Last Looks, 2021.
Directed by Tim Kirkby.
Starring Charlie Hunnam, Mel Gibson, Morena Baccarin, Clancy Brown, Rupert Friend, Lucy Fry, Dominic Monaghan, Jacob Scipio, Paul Ben-Victor, Method Man, David Pasquesi, Sophie Fatu, Robin Givens, Xen Sams, CC Castillo, and Deacon Randle.
A disgraced ex-cop seeks solace by moving to the woods, but his quiet life comes to an end when a private eye recruits him to investigate a murder.
“There are a lot of moving parts to this mystery,” mentions unlicensed private detective Charlie Waldo (Charlie Hunnam playing the sleuth as rusty and impulsive but capable) during the big revelation in Last Looks, to which we can only respond, “no shit.” Either director Tim Kirkby, writer Howard Michael Gould (adapting his book), or perhaps both are self-aware that this case branches off into multiple outlandish threads, so you can’t help laughing when it’s acknowledged. It’s also a plus that Charlie Hunnam is quite likable in the role; he’s quirky, has a typical dark past, is both in over his head yet the right person for the job, and headstrong not afraid to occasionally think with his fists over his brain even if it usually just gets him concussed.
Waldo (such a wacky name choice for a detective, but one that completely embodies the brand of humor here) currently lives in a trailer surrounded by the forest, having retreated to Los Angeles after disgracefully losing his police badge. Of course, there is more to it than that, but when we meet Waldo, he enjoys a simple life of nature, is eco-friendly, and chooses to only live with exactly 100 items in his trailer. Some of these eccentricities disappear once his former flame Lorena (Moreno Baccarin, basically only here to push the plot into motion) pulls Waldo back to Los Angeles to investigate a crime scene, but the character is distinct enough to make one wish Rian Johnson teams him up with Daniel Craig for a future Knives Out sequel.
The crime at hand involves a fictional junk TV Hollywood actor named Alastair Finch (Mel Gibson, chewing the scenery coming across as a British Colonel Sanders more than anything, by far the weakest link here putting in the one performance that stretches the quirk aspect a bit too far) accused of murdering his wife. Hotshot network executive Wilson Sikorsky (Rupert Friend) is panicking that his biggest draw is about to be locked up, triggering desperation to contact anyone and everyone to bring Waldo out of retirement for the case. Naturally, Waldo initially refuses until things get personal, and a zest for life is mildly reawakened in the form of a thrill-seeking seductive kindergarten teacher played by Lucy Fry.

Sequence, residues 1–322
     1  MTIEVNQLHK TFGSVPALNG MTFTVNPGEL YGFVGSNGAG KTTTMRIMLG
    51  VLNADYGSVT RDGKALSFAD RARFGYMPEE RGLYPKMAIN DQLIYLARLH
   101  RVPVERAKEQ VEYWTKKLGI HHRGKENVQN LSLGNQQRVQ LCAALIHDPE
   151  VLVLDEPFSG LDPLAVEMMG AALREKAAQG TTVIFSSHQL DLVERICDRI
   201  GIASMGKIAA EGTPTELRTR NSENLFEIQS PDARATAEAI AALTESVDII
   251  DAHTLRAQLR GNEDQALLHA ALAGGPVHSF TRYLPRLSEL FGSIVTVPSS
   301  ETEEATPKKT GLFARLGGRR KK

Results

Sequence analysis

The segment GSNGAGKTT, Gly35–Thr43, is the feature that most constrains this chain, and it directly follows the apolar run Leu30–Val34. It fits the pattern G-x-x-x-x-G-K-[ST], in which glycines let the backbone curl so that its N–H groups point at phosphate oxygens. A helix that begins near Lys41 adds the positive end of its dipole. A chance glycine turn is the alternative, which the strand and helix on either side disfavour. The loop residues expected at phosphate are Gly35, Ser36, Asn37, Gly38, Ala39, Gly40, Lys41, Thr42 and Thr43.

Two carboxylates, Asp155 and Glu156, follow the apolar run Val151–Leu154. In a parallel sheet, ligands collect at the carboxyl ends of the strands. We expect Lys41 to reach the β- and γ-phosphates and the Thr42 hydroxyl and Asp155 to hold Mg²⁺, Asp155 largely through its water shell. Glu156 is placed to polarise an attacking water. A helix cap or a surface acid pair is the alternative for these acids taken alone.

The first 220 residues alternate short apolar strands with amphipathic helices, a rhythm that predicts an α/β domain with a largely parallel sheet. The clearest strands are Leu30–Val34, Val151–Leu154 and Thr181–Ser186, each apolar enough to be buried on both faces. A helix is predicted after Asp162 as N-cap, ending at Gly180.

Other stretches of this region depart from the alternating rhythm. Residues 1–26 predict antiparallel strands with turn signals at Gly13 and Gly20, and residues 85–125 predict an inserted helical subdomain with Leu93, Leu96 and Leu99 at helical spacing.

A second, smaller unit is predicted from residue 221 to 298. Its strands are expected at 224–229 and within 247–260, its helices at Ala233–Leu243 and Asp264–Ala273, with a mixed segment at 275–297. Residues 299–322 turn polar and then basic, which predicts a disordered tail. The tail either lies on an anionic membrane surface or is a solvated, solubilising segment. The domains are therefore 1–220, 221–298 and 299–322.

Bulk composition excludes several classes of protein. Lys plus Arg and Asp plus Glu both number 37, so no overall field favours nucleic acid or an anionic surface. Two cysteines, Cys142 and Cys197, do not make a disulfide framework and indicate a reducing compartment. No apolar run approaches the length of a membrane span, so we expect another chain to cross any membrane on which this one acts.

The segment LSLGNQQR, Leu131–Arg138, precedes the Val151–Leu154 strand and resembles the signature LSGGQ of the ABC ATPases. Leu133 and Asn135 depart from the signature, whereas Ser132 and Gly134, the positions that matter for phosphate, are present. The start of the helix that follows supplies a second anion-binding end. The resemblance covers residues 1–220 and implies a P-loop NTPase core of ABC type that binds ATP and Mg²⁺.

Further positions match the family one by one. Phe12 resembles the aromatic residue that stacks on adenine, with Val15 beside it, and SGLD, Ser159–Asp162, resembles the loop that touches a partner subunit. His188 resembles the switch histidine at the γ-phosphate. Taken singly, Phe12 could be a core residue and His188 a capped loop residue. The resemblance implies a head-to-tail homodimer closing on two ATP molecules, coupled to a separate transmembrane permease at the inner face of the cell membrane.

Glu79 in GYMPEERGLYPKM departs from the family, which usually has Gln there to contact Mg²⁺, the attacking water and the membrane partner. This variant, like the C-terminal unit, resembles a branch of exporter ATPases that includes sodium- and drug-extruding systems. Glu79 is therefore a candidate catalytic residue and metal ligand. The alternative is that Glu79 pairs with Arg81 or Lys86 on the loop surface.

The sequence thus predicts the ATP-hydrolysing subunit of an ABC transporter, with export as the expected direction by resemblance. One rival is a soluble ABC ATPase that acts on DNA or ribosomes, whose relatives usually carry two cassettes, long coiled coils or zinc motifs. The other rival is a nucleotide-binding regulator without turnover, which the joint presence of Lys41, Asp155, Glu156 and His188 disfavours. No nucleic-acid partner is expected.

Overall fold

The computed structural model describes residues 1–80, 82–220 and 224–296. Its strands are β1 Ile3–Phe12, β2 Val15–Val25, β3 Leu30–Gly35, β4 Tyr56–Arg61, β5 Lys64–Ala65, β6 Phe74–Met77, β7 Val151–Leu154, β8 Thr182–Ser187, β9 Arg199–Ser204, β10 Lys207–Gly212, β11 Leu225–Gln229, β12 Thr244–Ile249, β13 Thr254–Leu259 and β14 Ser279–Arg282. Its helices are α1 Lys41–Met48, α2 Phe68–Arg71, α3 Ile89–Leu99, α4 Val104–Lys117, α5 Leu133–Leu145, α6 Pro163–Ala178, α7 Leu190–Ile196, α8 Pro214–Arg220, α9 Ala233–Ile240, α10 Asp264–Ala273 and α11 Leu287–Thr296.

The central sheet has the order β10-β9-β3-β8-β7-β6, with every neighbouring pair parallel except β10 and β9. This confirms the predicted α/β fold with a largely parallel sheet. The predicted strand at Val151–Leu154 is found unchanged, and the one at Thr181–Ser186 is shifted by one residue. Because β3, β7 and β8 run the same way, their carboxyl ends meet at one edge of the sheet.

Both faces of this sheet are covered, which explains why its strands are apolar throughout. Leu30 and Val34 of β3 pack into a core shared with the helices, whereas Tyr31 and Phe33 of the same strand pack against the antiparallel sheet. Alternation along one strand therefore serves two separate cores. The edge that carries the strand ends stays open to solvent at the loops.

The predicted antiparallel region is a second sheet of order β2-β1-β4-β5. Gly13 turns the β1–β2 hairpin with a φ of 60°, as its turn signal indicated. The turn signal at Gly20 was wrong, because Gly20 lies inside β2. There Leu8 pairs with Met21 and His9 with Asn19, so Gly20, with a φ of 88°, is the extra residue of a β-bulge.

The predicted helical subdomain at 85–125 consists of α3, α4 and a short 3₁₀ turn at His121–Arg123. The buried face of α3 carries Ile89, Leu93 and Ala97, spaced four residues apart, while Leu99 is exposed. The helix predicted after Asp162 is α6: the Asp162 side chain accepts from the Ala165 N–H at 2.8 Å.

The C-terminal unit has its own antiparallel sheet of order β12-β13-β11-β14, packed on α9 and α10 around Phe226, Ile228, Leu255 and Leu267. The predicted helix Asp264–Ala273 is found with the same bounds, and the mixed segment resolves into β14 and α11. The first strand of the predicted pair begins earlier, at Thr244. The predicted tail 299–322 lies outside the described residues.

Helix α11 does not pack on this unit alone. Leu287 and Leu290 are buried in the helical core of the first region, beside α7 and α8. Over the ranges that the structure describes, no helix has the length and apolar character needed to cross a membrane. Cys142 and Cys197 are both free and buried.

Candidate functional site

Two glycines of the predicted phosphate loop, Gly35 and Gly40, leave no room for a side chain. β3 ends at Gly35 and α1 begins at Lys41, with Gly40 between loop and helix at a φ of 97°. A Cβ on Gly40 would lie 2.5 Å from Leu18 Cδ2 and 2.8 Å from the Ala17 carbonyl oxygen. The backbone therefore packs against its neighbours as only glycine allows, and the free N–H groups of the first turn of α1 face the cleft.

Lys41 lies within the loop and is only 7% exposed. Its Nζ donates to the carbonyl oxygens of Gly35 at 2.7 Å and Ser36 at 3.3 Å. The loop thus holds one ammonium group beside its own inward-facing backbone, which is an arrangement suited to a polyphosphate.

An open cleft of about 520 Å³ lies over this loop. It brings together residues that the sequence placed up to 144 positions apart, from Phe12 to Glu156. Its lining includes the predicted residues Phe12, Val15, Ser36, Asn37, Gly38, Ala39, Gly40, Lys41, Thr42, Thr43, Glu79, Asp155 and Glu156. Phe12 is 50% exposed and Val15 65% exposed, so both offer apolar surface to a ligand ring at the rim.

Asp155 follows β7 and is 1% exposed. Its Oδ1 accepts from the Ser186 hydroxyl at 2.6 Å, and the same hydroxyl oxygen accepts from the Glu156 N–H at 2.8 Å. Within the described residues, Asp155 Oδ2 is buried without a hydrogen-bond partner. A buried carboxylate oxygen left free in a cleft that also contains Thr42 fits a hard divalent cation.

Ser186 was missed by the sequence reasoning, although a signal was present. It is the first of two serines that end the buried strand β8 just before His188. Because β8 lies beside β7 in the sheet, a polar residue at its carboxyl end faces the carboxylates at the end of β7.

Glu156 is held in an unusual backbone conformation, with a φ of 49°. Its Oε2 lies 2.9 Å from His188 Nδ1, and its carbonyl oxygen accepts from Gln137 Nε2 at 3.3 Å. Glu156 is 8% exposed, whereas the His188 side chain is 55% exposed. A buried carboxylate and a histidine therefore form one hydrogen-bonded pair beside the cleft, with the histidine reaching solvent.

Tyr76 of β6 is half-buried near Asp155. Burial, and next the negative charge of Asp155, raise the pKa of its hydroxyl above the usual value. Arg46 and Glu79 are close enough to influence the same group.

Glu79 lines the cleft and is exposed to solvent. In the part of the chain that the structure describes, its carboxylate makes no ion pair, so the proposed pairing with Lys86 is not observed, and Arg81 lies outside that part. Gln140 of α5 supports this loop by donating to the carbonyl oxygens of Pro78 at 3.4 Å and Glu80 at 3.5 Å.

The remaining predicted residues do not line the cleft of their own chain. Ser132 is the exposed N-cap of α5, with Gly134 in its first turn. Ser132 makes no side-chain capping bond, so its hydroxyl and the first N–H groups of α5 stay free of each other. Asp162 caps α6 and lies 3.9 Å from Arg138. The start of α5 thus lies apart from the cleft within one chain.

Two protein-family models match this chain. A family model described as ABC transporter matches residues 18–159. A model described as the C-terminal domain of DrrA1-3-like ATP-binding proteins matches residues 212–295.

Suspects include everyone from random henchman hired to follow or attack Waldo, a rival private eye (Dominic Monaghan), a rival TV executive (David Pasquesi), a shady character referring to himself as Dom Q (Jacob Scipio) looking for something described as a “mem,” a rising fictional hip-hop group led by Method Man, and Clancy Brown as the chief of police who seems to want someone locked up and the case closed. Waldo has also seen enough in his past to know that the force doesn’t necessarily care about getting the case right, a gut feeling that’s reassured when he is scolded for questioning low-level officers that were first on-site.
Last Looks is a tad too long for its own good, especially since it’s not exactly challenging to pinpoint who is responsible and has crucial information. At times, the jokes can also be sophomoric (a police officer with a surname that sounds like “anus.” However, it’s easy to get wrapped up in the silliness surrounding the tragedy and Waldo’s various motives for delivering justice. It’s an experience that’s primarily middling until Waldo cracks the case and lays out the facts. In that moment, it’s both entertaining and brings forth a greater appreciation for everything that came before, flaws and all. I don’t know if Waldo has any other novels, but if he gets another cinematic case, it would be worth giving a first look.
Flickering Myth Rating – Film: ★ ★ ★ / Movie: ★ ★ ★
Robert Kojder is a member of the Chicago Film Critics Association and the Critics Choice Association. He is also the Flickering Myth Reviews Editor. Check here for new reviews, follow my Twitter or Letterboxd, or email me at MetalGearSolid719@gmail.com